All this excitement had a singular effect on Paul. It had certainly driven away his stupid placidity, and his eyes had a wild brilliance. His movements in the dance were quite correct; he did what other people did; yet people watching him closely would say the man was out of his wits. Katherine watched him closely as they danced together; if he happened to turn

his head she turned her head also in the same direction, being not easy in her mind while he crossed the floor in the quadrille. She scarcely breathed freely when he passed out of the reach of her hand.

The reception rooms of the castle led one from another, and the windows came to the ground, and opened like so many doors. They were all flung wide now, with curtains of silk and lace meeting lightly within the opening. May passed along outside, looking through the windows into each room as she went; and she did this very cautiously, for fear of attracting notice to herself. So at last she caught sight of Paul; and Katherine in all her glory by his side. A great blow smote upon her heart, and her impulse was to turn at once and run away, to leave this false lover to a new love, new friends, and new magnificence. Was it not shame for her, May, to come here stealthily looking for him? Let her turn, and go home quickly, and leave these happy lovers to their dance.

But no; he was neither false nor happy, and she would not move an inch. He turned towards her suddenly, and it was not Paul's face, though the face of no other man. Oh, how had they been dealing with him that he had come to look like this? She saw plainly with her eyes the thing that Bid had described to her; Paul, and yet not Paul-a man whose mind was gone.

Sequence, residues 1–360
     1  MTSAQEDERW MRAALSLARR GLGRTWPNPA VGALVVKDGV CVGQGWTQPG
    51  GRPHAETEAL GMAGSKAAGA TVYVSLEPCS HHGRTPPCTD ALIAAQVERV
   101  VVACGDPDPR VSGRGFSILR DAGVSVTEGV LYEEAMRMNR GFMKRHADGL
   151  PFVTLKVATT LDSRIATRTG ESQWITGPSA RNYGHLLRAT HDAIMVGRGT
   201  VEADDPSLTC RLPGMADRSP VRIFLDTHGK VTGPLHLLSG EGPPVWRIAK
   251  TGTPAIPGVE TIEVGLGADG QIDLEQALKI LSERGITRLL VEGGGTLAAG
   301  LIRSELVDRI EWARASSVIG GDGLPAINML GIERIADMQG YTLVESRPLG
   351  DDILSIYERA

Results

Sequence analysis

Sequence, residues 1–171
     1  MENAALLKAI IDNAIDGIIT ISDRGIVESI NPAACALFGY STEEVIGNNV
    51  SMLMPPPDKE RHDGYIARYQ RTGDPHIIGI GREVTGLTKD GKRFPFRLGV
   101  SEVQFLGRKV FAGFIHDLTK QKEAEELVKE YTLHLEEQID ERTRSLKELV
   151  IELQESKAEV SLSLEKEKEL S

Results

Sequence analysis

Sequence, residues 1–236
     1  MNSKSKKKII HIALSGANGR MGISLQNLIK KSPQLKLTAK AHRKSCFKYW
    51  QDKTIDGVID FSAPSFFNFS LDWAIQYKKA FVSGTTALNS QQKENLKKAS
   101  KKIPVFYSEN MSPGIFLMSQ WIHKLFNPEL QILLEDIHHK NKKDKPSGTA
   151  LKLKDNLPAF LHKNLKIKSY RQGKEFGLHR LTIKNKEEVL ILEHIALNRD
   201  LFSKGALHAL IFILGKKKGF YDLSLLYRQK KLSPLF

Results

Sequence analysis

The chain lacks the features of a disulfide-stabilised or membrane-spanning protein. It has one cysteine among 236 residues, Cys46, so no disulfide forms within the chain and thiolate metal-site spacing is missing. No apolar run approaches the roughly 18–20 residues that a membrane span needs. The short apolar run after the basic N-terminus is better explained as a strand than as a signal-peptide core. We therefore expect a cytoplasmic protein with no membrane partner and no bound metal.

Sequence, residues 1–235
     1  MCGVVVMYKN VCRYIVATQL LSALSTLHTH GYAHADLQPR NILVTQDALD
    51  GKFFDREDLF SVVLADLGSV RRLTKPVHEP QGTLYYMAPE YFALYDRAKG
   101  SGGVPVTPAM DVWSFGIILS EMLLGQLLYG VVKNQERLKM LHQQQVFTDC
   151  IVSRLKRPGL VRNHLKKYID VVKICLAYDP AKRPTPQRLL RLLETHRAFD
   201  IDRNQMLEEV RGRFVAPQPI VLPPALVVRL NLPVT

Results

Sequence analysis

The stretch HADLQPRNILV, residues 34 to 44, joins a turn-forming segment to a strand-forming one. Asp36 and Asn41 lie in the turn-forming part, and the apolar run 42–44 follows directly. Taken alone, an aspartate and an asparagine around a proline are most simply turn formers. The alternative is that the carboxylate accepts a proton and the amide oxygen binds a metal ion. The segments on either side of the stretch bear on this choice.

The dance over, Katherine took Paul's arm again, and moved with him towards May's lurking-place. May's eyes followed the pair, and Katherine looked even more proud and determined than usual. Her face was saying quite frankly that she had always had her way, and intended to have it always. She could break a hundred hearts to get her will. She had now laid aside all fear of seeing May's unwelcome face; it was past one o'clock; impossible that any guest should arrive at so late an hour, and she had taken note of every lady who had until now presented herself. So Katherine made up her mind to put this dread away from her. The rooms were very hot, and she wished for air, and stepped out of a window, still holding by Paul's arm. May, who was watching her movements, followed near as they crossed the lawn.

Katherine sauntered up and down for awhile, had some refreshment, spoke to everybody, and caused a little sensation wherever she went. She made the circuit of the whole lawn, while the poor little

Norman peasant who was following upon her footsteps began to feel her heart beat wildly, for the moon was already setting, and signs of approaching dawn were becoming visible in the heavens. True, it was still dark, but how long would the darkness last?

Katherine at last seated herself in a satisfied way upon a rustic bench under a tree; in a moment was surrounded by flatterers, and relinquished her hold of Paul, who remained standing by her side. People did not mind him much, but they paid eager court to her; one fanning her, another offering a smelling-bottle, and all expressing conviction that she was intolerably fatigued. Katherine yielded herself to the flattery and received the homage which was precious to her, and in her greediness over the feast she forgot her vigilance as to her charge. Paul was pushed a little here and a little there, and by degrees he became separated from her, and strayed, overlooked by the crowd, in the purposeless way now habitual to him. His look of excitement had passed away, his head had sunk on his breast, and he took no notice whatever of the scenes going on around him. May alone watched his movements, and after a time had the happiness of seeing him direct his steps towards those dim quiet alleys which had latterly become his accustomed haunt. He crept under the trees, and was alone in a dark walk walled by high hedges of beech.